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Tips for Photographing Holiday Lights

Tips for Photographing Holiday Lights

Tips for Photographing Holiday Lights

With front yards, windows, roofs, and pretty much the entire neighborhood decked out in elaborate light displays, it’s time to get out your camera and capture these beautiful lights in all their sparkling glory. However, photographing holiday lights can be quite tricky as they often need just the right exposure so that the colors don’t wash each other out. To help you get started, below is a list of essential equipment and tips to help you shoot stunning pictures of holiday lights.

Essential Equipment Manual Camera

Manual mode is definitely the way to go when photographing string lights. This is why you need a camera that allows you to tweak your manual settings and use interchangeable lenses that can supplement your shooting needs. A manual camera will allow you to set the perfect light sensitivity level (ISO); adequate shutter speed to capture the rich colors of the display; and aperture settings to achieve your desired depth of field. Both DSLRs and mirrorless cameras s from are great for holiday light photography.


You’ll need special lenses if you really want to capture professional-quality photos of decorative string lights. A macro lens is a must if you want to take impressive close-up shots of those holiday light bulbs. A wide-angle lens lens will capture more of the scene or subject in your frame even while shooting at a fairly close distance.

Tips for Photographing Holiday Lights


A tripod helps you achieve a successful long exposure shot of holiday lights at night. It will stabilize your camera and avoid the motion blur often caused by handheld shooting ensuring sharper images.

Tips for Photographing Holiday Lights

Shoot During Twilight or Dusk- Shooting at nighttime is a good way to really bring out the beauty of holiday lights. Instead of shooting when the sky is pitch dark, take photos at twilight or dusk. The sky should have a much softer blue glow, giving your photos more photographic texture and color. If you’re photographing lights on a building, capturing the scene when there is still some light in the sky will allow you to better include the surrounding terrain like trees, bushes, other structures, and the sky.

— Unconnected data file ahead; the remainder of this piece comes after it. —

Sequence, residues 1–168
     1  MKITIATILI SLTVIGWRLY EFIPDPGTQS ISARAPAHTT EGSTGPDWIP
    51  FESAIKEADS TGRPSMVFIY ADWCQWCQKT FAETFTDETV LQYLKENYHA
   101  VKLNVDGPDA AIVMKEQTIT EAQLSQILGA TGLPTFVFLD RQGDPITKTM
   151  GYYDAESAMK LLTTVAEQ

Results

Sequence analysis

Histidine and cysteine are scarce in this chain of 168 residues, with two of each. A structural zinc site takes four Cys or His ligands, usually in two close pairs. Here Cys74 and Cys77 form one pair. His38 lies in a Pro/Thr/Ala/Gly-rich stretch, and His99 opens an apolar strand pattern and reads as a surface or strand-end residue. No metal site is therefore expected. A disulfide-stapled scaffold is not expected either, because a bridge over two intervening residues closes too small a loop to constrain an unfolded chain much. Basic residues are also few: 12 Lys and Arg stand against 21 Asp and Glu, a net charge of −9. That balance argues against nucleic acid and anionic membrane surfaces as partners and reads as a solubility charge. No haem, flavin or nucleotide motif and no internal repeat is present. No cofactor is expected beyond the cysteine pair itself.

Tips for Photographing Holiday Lights

Skip the Flash

Not only will it be useless, especially when shooting from a great distance, but it can wash out the rich color and reveal unnecessary details. It can bring out wires and cords, that can distract viewers from the beauty of the lights in the image.

People and Lights

You want to capture both the bright lights and your friend? Many of’s point-and-shoot cameras have a funny-looking setting that looks like a person with a star in the background. This is your solution to getting light on your friend’s face while capturing the light display at the same time. It causes the flash to fire and expose the face while the lens stays open and captures the lights.

Turn Off Automatic White Balance

By turning off the auto white balance feature you’re sure to capture the exaggerated colors the holidays have to offer. You could try turning off white balance altogether or even experiment with any of the other manual settings to find a color balance that suits your visual needs. Either way is a better bet than giving the decision to the camera.

Tips for Photographing Holiday Lights

As stunning as some lights are to see, they can be even more fun to photograph. Get creative. Change lenses, zoom in and out, intentionally blur, add light, mask light, etc. Put your own personality into the image and have fun experimenting with your camera.

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